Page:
Private fostering is when you are under the age of 16 (or 18 if you have a disability) and you live with an adult (private foster carer) who is not your parent or a close relative such as a grandparent, aunt or uncle. Your mum or dad will have agreed that this person can look after you if they are unable to take care of you themselves.

If you are living with a private foster carer, your parents and the private foster carer must tell the City of London's Children's Services that you are living with someone who is not your parent or close relative.

The local authority's responsibility to you

The City of London has a legal duty to ensure that every child living in the City is well cared for and safeguarded from harm. We need to know which children are being privately fostered so that we can check on their safety and wellbeing.

Once we know that you are privately fostered we will send a social worker to see you in the private carer's home to make sure that you are safe, well, and happy living with your foster carers. The social worker will talk to private foster carers and offer any help or support they may need. The social worker will also get in touch with your parents to make sure they know you are being well looked after.

The social worker will visit you at least every six weeks during your first year in private foster care. Afterwards they will visit every three months but you can ask to see the social worker at any time if you have something you want to talk about. If you or your social worker are not happy with the arrangement, and there are concerns that you are not safe or being properly looked after, we have the power to end the arrangement.

Remember: Your parents or close relatives are still legally responsible for you while you are living with private foster carers. This means that they should still be involved in all the important decisions about your life.

What will living with private foster carers be like?

Private foster carers should look after you as if you were their own child. They must do all the everyday things for you that parents do for their own children such as:

  • Making sure you are well cared for, including regular meals, warm clean clothes and your own bed.
  • Making sure you go to school
  • Taking you to the doctor or the hospital if you are sick or injured.
  • Taking you to the dentist so your teeth are looked after properly.
  • Making sure you have the chance to make friends and to enjoy sports and hobbies that you like.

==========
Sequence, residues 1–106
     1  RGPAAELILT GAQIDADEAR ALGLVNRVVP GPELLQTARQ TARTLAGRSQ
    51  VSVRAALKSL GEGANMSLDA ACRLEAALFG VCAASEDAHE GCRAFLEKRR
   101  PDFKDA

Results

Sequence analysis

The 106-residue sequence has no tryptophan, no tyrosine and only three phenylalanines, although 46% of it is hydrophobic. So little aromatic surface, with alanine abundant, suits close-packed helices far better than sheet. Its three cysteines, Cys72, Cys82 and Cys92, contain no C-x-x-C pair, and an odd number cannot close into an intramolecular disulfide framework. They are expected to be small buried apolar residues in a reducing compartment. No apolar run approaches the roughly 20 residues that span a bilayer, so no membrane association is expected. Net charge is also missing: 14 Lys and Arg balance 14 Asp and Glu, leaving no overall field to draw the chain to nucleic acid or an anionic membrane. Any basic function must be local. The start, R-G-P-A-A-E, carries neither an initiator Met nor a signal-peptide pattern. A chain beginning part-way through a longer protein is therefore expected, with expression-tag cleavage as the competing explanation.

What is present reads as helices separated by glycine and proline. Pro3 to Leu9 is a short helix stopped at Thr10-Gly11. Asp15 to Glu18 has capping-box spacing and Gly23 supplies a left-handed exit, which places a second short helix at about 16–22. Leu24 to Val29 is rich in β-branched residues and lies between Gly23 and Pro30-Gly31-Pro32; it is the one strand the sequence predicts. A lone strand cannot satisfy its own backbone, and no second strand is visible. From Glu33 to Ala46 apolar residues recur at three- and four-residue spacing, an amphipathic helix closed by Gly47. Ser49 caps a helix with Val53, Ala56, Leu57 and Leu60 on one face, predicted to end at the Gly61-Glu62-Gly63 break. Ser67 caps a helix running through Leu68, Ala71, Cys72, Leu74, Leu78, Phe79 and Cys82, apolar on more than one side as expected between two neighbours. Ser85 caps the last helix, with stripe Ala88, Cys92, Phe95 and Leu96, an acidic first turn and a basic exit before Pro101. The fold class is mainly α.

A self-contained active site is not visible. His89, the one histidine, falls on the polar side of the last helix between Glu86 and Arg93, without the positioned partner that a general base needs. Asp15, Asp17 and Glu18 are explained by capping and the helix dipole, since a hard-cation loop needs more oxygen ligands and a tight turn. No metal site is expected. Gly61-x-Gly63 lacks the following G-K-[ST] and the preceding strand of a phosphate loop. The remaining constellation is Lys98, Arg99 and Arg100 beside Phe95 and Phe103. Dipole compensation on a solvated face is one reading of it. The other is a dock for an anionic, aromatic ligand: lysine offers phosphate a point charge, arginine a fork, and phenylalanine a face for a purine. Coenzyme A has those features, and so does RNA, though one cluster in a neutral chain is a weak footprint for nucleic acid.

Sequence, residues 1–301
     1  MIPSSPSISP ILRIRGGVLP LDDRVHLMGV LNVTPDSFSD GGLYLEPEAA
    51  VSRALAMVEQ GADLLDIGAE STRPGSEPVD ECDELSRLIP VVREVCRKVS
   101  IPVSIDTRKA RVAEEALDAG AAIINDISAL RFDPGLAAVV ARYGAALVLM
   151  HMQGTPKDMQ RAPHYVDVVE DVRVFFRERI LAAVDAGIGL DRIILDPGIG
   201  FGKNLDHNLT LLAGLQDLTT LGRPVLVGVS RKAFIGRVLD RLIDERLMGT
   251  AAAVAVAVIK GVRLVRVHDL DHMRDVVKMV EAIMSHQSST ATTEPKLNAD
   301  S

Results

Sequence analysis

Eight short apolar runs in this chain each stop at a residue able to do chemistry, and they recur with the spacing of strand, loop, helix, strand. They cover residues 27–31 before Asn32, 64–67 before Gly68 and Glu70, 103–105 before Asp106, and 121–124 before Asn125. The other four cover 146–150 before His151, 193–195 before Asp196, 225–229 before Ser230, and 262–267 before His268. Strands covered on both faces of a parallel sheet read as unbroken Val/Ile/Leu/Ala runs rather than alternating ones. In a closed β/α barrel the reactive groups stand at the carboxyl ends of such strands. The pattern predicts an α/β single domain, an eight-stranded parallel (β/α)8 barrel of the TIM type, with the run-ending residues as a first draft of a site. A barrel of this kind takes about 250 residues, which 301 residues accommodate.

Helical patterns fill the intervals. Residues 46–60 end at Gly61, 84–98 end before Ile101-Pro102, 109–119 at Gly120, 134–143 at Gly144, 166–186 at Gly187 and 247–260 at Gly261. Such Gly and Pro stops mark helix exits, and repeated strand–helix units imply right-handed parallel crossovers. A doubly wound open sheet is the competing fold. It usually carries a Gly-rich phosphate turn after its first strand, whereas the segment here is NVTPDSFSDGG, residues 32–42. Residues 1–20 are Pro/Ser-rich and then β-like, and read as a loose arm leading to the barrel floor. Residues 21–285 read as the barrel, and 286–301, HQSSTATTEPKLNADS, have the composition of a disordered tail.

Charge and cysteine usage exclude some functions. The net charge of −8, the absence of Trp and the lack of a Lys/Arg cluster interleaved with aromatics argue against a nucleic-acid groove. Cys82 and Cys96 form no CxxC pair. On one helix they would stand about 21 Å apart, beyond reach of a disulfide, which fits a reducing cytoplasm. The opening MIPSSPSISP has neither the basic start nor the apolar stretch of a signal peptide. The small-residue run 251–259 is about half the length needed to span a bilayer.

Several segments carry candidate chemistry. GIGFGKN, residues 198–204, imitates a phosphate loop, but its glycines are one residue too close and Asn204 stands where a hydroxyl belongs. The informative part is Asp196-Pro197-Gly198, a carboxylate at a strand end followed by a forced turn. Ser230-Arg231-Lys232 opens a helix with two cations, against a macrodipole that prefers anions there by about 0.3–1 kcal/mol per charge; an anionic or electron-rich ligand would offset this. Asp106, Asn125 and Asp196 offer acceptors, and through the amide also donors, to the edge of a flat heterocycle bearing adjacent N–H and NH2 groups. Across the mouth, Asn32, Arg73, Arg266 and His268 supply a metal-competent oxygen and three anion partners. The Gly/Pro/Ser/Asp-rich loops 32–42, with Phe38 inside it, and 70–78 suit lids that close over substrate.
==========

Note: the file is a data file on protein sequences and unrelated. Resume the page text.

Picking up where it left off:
• Helping you follow your religion and the customs important to you and your family.

Your parents will be able to help your private foster carers understand the things that are important to you by talking with them.

What if I'm not happy or if I have a problem?

Sometimes you might feel sad or unhappy about being privately fostered.

Children and young people who live away from home often miss their parents and friends. However, if you have a problem, or are not happy where you are living, talk to your social worker about your concerns. They will be able to answer most of your questions straight away or can find out the answers for you.

Don't worry if you find it hard to talk to your social worker about the things that are worrying you. The most important thing is that you have someone you trust that you to can talk to. You may find it easier to talk to someone you see every day, like a teacher.

There are also a number of national organisations that can give you support and advice. You can find these on the City of London's FYi Directory.

Role of the City of London's Children and Families team

What is the City of London's role?

The City of London Corporation has a legal duty to ensure that children and young people in private fostering are well cared for and safeguarded from harm. Our responsibilities include:

  • Checking that prospective carers are suitable to care for the child.
  • Making regular visits to children at their foster home.
  • Ensuring that parents and carers are aware of their responsibilities.
  • Providing support and advice to parents and carers.
  • Offering advice about private fostering arrangements.

By monitoring and supervising private fostering placements, we can help to safeguard children who may be at risk of abuse or neglect.

The City of London's Children's Services should be notified of all private fostering arrangements in the City by contacting 020 7332 3621 or emailing the team.

Government legislation for private fostering

What are the rules governing private fostering?

Privately fostered children are safeguarded by legislation set out in Part 9 of the Children Act 1989; the Children (Private Arrangements for Fostering) Regulations 2005; and Section 44 of the Children Act 2004 effective 1 July 2005. Standards of care and management for private fostering arrangements are set out in the National Minimum Standards for Private Fostering (2005).

It is essential that the City of London Corporation's Children and Families team is aware of such arrangements so that they can safeguard and promote the welfare of potentially vulnerable children.

Ideally, notification of a private fostering agreement should come from the carer or parent, although professionals, such as teachers and GPs, can play an important role as they are often aware of the situation.

You can find out more about private fostering from the British Association of Adoption and Fostering.